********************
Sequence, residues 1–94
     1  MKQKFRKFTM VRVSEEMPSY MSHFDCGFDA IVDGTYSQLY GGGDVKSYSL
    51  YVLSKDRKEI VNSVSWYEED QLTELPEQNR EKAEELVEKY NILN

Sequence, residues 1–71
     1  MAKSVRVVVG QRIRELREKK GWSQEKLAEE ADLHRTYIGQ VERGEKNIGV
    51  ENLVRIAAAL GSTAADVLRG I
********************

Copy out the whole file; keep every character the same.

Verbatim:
Sequence, residues 1–94
     1  MKQKFRKFTM VRVSEEMPSY MSHFDCGFDA IVDGTYSQLY GGGDVKSYSL
    51  YVLSKDRKEI VNSVSWYEED QLTELPEQNR EKAEELVEKY NILN

Sequence, residues 1–71
     1  MAKSVRVVVG QRIRELREKK GWSQEKLAEE ADLHRTYIGQ VERGEKNIGV
    51  ENLVRIAAAL GSTAADVLRG I